Several philosophers (e.g. LeBlanc 1998; Vaughn 2008) assert that the philosophical position is to use argument as a basis for thinking critically. However:
Philosophical argument ignores a number of practices in other disciplines that can generate creative, forward looking thinking – the type of thinking that answers the question of what should we do? Principal among these is quantitative evaluation techniques, including rigorous methods such as statistical analysis. Philosophical argument also ignores approaches used to generate creativity in thinking, as well as techniques such as decision trees and influence diagrams used to assess the impact of adopting different courses of action.
Argument generates criticism. Almost by definition it requires a ‘for’ and an ‘against’ if an argument is to occur. As a method of thinking, it does not generate building on what has gone before. Arguments occur to destroy, or at least contradict, what has been developed so far. These pages, for instance, are an argument.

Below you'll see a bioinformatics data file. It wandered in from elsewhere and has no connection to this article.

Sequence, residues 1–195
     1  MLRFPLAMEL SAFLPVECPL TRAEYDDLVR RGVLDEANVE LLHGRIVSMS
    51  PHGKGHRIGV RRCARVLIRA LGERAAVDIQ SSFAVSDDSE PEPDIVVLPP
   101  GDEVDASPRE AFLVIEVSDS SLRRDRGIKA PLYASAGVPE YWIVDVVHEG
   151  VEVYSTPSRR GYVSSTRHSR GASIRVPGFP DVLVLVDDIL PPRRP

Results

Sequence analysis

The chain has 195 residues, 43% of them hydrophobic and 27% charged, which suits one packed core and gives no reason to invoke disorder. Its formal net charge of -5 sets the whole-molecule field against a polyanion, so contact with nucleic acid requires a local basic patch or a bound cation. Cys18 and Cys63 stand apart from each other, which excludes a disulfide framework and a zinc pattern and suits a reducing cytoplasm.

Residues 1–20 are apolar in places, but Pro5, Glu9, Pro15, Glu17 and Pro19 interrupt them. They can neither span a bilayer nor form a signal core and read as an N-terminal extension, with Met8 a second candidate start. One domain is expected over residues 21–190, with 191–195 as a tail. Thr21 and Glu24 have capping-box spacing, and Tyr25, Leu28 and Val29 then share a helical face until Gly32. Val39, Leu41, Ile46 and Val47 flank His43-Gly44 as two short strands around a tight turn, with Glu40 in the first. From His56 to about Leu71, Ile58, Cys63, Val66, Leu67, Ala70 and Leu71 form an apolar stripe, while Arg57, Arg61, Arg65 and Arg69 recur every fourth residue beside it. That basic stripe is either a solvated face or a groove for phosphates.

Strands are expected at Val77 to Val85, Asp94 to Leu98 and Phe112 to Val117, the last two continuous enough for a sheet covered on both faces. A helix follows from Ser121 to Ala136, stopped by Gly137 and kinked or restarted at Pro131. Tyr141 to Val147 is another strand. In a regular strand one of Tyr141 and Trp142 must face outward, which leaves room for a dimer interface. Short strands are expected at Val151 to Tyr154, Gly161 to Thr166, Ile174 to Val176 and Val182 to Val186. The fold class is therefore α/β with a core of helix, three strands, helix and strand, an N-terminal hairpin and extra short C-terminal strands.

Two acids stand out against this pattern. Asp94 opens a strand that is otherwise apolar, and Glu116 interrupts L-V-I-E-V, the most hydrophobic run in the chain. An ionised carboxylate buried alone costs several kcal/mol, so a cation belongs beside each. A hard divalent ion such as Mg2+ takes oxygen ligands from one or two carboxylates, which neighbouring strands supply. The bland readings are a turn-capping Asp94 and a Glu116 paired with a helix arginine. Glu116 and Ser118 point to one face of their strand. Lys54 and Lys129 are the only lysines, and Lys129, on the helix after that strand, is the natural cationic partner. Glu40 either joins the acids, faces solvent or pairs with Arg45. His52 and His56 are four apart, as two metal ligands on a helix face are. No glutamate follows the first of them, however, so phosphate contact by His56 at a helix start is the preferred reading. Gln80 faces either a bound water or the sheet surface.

Argument based critical thinking relies on inductive and deductive reasoning. In the long run, both types of thinking come down to observation – to empiricism. Strong empirical capabilities will generate strong arguments, but, I assert, empirical research is not a philosophical virtue. This may be the reason why philosophers have been arguing with each other for over 2000 years.
Ultimately, moral philosophy is a discipline which, although it assures us that it is the mother of ethical theory and practice, does not teach a full set of approaches to strengthening ethical behaviour, nor undertake the research necessary to assess and improve developments already underway.
On reflection, I now believe that it is the student of ethics in our schools of moral philosophy who is the bigger loser. Teachers and practitioners in ethics can search out these new developments themselves (although with some difficulty). Students, however, take ethics courses. Many, one suspects, hope to work at extending ethical practices as widely as possible throughout our communities. Instead, they have been given an incomplete knowledge of developments and capabilities in ethics work in government or the private sector. They have been turned out – for only a few – with the capacity to on-teach what they have learned so far. And that learning is circumscribed. It is also of limited value in the work day world.